- Improved survival in patients preconditioned with tetanus/diphtheria toxoid.
- Caveats of this study were two-fold
- Unclear why tetanus/diphtheria toxoid preconditioning was compared to unpulsed DCs.
- Paper was under review with Nature for >1 year. Typically such long reviews suggest considerable tweaks were necessary to make data publication-worthy, meaning that original study data were weak and that reviewers demanded further experiments and/or additional controls.
Drawbacks of Peptide immunotherapy
- Majority of glioblastoma peptide vaccines are restricted to the MHC haplotype, HLA-A*02 (12, 13). Won’t work with glioblastoma patients with other MHC haplotypes.
- There is need to identify glioblastoma peptides presented by other prevalent MHC haplotypes.
- If and when tumor recurs, need to use different Rx approach. For example, earlier approaches targeted EGFRvIII (Epidermal Growth Factor Receptor), highly expressed on glioblastoma, i.e., a quasi-tumor-specific antigen. After this immunotherapy, 82% of patients with recurrence lost EGFRvIII expression (14). Implies two things
- Peptide vaccine successfully targeted EGFRvIII+ tumor cells.
- Peptide vaccine drove selective expansion of EGFRvIII- tumor cells.
- Suggests this Rx has potential to drive expansion of tumor escapees.
- Personalized immunotherapy, i.e., expensive.
Dendritic cell (DC) vaccines
- In contrast to glioblastoma cells, which are poor at inducing immunity (15), DCs are antigen presenting cells necessary for fully activating CD4 and CD8 T cells.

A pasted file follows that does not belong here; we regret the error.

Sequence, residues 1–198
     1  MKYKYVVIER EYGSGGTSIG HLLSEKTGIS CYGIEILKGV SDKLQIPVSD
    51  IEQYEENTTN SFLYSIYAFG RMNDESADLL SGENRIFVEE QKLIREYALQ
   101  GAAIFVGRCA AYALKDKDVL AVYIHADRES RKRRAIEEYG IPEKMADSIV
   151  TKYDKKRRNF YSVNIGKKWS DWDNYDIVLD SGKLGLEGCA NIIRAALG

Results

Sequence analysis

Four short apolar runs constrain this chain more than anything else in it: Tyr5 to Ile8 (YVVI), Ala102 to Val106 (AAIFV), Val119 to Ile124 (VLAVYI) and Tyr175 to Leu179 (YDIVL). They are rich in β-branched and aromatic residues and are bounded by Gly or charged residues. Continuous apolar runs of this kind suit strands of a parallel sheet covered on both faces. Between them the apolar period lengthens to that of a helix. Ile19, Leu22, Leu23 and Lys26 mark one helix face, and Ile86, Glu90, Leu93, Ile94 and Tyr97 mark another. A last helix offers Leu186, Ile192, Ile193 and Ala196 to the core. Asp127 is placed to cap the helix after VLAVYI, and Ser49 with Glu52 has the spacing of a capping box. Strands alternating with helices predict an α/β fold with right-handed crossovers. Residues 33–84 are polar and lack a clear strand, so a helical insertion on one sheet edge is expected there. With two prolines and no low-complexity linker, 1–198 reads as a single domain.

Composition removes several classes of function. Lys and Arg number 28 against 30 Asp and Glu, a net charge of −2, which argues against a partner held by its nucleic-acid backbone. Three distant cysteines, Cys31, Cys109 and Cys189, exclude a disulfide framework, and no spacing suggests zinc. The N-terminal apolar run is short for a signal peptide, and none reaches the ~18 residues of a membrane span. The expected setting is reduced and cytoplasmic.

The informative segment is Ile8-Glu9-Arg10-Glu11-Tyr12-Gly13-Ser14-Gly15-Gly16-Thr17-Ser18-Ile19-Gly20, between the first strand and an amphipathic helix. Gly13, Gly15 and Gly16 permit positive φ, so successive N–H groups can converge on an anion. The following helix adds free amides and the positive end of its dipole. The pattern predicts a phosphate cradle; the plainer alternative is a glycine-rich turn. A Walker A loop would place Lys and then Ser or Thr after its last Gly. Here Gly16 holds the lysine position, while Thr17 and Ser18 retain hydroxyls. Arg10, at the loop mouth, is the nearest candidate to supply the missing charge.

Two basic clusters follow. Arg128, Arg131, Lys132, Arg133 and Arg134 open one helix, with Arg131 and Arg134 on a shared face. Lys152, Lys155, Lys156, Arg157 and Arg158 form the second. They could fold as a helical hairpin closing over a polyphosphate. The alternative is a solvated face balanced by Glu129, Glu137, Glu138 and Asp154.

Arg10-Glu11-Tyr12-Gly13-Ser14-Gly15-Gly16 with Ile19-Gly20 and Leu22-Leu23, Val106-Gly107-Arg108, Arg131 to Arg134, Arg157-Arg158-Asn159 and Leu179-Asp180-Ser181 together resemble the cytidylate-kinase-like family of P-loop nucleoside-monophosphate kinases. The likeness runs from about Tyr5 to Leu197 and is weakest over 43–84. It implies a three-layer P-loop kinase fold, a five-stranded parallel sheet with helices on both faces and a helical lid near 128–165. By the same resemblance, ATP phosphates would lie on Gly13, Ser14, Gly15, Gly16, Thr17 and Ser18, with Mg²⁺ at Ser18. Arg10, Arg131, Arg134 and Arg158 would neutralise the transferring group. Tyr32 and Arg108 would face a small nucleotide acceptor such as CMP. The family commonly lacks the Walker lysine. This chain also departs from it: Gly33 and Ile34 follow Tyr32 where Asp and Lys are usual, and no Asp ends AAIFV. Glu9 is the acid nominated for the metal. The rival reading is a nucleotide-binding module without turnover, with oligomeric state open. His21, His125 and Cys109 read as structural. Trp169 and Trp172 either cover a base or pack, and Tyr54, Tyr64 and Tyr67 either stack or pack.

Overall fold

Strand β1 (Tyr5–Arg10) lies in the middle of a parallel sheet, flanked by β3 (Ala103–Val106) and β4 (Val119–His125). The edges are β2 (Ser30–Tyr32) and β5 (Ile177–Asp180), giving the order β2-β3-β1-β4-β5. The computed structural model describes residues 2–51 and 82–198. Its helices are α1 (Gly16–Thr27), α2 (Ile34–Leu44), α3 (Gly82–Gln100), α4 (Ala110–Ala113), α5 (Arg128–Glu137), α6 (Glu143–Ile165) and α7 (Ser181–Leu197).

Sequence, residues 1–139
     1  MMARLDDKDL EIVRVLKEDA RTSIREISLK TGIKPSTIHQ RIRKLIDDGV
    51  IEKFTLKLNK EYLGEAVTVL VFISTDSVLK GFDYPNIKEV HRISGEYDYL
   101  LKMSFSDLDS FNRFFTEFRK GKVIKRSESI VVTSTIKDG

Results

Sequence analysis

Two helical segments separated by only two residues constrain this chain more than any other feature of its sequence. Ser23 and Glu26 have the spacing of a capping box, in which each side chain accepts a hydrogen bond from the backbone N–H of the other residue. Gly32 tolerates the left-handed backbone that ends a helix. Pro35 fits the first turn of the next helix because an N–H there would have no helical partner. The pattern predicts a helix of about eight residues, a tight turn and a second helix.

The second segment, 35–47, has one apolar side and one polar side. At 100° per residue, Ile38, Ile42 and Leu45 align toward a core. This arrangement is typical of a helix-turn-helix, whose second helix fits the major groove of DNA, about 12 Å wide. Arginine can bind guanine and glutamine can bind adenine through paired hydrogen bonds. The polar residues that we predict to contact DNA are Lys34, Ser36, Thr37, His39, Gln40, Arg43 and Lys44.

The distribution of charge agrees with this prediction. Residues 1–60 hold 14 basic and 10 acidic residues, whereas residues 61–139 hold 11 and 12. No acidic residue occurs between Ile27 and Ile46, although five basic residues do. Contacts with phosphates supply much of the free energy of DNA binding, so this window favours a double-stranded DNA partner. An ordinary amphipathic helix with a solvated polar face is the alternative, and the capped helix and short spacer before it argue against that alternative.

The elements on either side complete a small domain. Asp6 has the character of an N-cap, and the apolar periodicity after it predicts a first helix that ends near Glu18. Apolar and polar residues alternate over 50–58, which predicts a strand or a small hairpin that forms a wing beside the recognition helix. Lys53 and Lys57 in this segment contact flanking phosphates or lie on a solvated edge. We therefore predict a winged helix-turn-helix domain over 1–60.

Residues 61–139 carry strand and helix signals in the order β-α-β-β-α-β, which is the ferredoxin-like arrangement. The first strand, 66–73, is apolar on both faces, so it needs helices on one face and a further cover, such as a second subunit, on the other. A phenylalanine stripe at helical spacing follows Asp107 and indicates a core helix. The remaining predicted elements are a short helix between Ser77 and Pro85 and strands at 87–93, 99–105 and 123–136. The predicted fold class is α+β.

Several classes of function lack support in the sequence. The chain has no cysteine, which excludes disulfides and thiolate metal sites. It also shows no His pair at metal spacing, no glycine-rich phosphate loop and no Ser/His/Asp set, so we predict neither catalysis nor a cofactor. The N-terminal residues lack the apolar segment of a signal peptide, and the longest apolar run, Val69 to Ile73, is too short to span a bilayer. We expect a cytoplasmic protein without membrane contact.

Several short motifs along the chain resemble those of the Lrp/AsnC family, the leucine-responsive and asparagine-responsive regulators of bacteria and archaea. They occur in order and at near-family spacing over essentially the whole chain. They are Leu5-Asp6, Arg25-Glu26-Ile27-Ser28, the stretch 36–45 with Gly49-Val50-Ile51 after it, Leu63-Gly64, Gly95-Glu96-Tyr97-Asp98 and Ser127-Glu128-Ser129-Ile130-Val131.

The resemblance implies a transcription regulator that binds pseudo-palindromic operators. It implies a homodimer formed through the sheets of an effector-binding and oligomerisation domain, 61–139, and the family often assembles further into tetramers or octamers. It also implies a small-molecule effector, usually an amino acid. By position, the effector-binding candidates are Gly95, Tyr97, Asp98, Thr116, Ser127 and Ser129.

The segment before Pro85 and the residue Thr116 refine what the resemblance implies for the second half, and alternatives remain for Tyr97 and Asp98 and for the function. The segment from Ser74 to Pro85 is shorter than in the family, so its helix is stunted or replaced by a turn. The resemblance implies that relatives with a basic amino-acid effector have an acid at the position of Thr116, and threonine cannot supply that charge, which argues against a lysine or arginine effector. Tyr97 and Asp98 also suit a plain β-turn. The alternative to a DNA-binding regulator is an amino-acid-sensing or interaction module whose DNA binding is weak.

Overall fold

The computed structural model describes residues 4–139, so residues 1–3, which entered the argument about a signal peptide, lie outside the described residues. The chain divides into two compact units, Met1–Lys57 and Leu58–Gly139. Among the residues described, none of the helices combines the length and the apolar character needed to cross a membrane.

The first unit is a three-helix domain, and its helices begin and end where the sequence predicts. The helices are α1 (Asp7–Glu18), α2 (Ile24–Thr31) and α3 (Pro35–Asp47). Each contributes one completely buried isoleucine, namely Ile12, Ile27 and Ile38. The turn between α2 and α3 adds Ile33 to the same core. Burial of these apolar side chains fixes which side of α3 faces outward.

- DCs shown to be excellent in presenting glioblastoma-derived antigens to T cells, activating anti-glioblastoma cytotoxic T cells and inducing tumor cell death (16, 17).
- Similar to heat shock protein vaccines and peptide immunotherapy, this is also personalized medicine.
- Purify patient’s DCs from circulating blood, culture them during which they are pulsed/loaded with tumor lysates or peptides and then re-injected back into the patient.
- DC vaccines are among the most prevalent glioblastoma investigational immunotherapies under development (18, 19).
- Years of fine-tuning later, a Phase I trial revealed what’s critical for DC vaccines to drive strong anti-glioblastoma immunity, namely, tumor lysates. Compared patients (n=28) treated with autologous DCs pulsed with autologous tumor lysates to those pulsed with synthetic glioblastoma antigen peptides (n=6). The former drove stronger anti-tumor immunity (20). This would fit with immunological predictions since tumor lysates would contain additional potential targets of strong anti-glioblastoma immunity, namely as-yet unidentified antigens,, i.e., a polyvalent response unlike defined peptides.
- Another line of investigation with DC vaccines. What are the biomarkers that correspond to effective anti-glioblastoma immunity? Phospho-STAT (21)? CTLA-4 (22)?
Common drawbacks to HSP, peptide and DC vaccines
- Need tumor MHC class I expression.
- 30 to 60% of glioblastoma population observed to be MHC class I- (23), i.e., potential that much of tumor won’t be targeted by such immunotherapy.